Who Really Limits the Atonement?

    Therefore, it becomes evident that it is not the Particular Redemptionist who limits the atonement. It is those who deny that the atoning death of Christ accomplishes what we most desperately need — namely, salvation from the condition of deadness and hardness and blindness under the wrath of God. They limit the power and effectiveness of the atonement so that they can say that it was accomplished even for those who die in unbelief and are condemned. In order to say that Christ died for all men in the same way, they must limit the atonement to a possibility or an opportunity for salvation if fallen humans can escape from their deadness and rebellion and obtain faith by an effectual means not provided by the cross.

    On the other hand, we do not limit the power and effectiveness of the atonement. Rather we say that in the cross, God had in view the actual, effective redemption of his children from all that would destroy them, including their own unbelief. And we affirm that when Christ died particularly for his bride, he did not simply create a possibility or an opportunity for salvation, but really purchased and infallibly secured for them all that is necessary to get them saved, including the grace of regeneration and the gift of faith.

    We do not deny that Christ died to save all in some sense. Paul says in 1 Timothy 4:10 that in Christ God is “the Savior of all people, especially of those who believe.” What we deny is that the death of Christ is for all men in the same sense. God sent Christ to save all in some sense. And he sent Christ to save those who believe in a more particular sense. God’s intention is different for each. That is the natural way to read 1 Timothy 4:10.

    For “all men” the death of Christ is the foundation of the free offer of the gospel. This is the meaning of John 3:16, “God so loved the world, that he gave his only Son, that whoever believes in him should not perish but have eternal life.” The sending of the Son is for the whole world in the sense that Jesus makes plain: so that whoever believes in him should not perish. In that sense God sent Jesus for everyone. Or, to use the words of 1 Timothy 4:10, God is the “Savior of all people” in that Christ died to provide an absolutely reliable and valid offer of forgiveness to all, such that everyone, without exception, who trusts Christ would be saved.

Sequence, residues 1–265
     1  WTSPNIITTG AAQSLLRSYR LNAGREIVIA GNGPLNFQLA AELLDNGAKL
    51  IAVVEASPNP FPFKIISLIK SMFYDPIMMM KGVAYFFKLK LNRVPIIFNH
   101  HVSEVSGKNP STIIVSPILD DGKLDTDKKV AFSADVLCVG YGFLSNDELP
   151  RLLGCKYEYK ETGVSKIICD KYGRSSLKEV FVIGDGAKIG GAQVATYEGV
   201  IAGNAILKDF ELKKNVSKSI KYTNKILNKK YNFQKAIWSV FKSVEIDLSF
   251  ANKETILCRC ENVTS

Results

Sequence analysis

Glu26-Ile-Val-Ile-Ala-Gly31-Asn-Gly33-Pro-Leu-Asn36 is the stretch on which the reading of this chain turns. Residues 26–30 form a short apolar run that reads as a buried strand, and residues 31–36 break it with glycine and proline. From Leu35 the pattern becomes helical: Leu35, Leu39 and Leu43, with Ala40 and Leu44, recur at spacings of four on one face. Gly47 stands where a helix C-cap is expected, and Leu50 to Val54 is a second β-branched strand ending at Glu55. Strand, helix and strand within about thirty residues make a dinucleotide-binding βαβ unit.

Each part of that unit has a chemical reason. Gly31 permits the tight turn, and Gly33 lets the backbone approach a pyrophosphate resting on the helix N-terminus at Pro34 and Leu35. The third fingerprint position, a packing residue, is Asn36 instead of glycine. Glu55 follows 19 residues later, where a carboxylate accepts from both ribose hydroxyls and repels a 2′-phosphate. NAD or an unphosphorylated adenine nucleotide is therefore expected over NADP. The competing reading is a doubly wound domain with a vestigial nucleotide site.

When the gospel is preached, Christ is offered to all without discrimination. And the offer is absolutely authentic for all. What is offered is Christ, and anyone — absolutely anyone — who receives Christ receives all that he bought for his sheep, his bride. The gospel does not offer a possibility of salvation. It is the possibility of salvation. But what is offered is Christ, and in him the infinite achievement that he accomplished for his people by his death and resurrection.

    I believe my faith is Christ centered and the faith of those who accept universal atonement is self centered. :(
     
  3. Internet Theologian

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    You're mistaking Savior here to be always in the sense of salvation from sins.
     
  4. revmwc

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    My Faith is in a Savior who came as the perfect Son of God while being the perfect seed of a woman as Gen. 3:15 promised. Who lived a perfect life and was able by His Efficacious work on the Cross, was able by that work to bring Salvataion for ALL "Anthropon" mankind, 1 Timothy 4 :10 "...who is the Savior of all men..." states it. He is the Savior of anthropon that is all mankind, that is what scripture states. You can limit it all you want too but Paul and the Holy Spirit didn't limit it, they made it very clear, that God (the Son)"is the Savior of all men,
     
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  5. TCassidy

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    He is the Savior of all (in a limited sense as I clearly pointed out) but in the special, eternal life sense, only to those who believe. (By the way, you believe exactly the same thing, unless you believe in universal salvation.)

    The Savior saved me on the cross. Nothing needed to be added. He finished the entire work of satisfying the requirements of the law, the Righteousness of God, and the cleansing of my sin. There was nothing that was insufficient so there was nothing I needed to, or even could, add to the perfect sacrifice of Christ.

    Those who believe in universal atonement have to either believe in universal salvation or believe the sacrifice of Christ was not complete, was not perfect, did not "finish" salvation, but rather was insufficient to bring about our salvation and something more needed to be added.

    I keep asking the same question over and over and over again why two people hear the same message and one gets saved and the other doesn't. And all I get is cop outs. "I can't speak for my neighbor." Or something like that. No, but you can speak for yourself and the question is "what about you was better than your neighbor that resulted in your salvation?" For the universalist there is no honest answer to that question. :(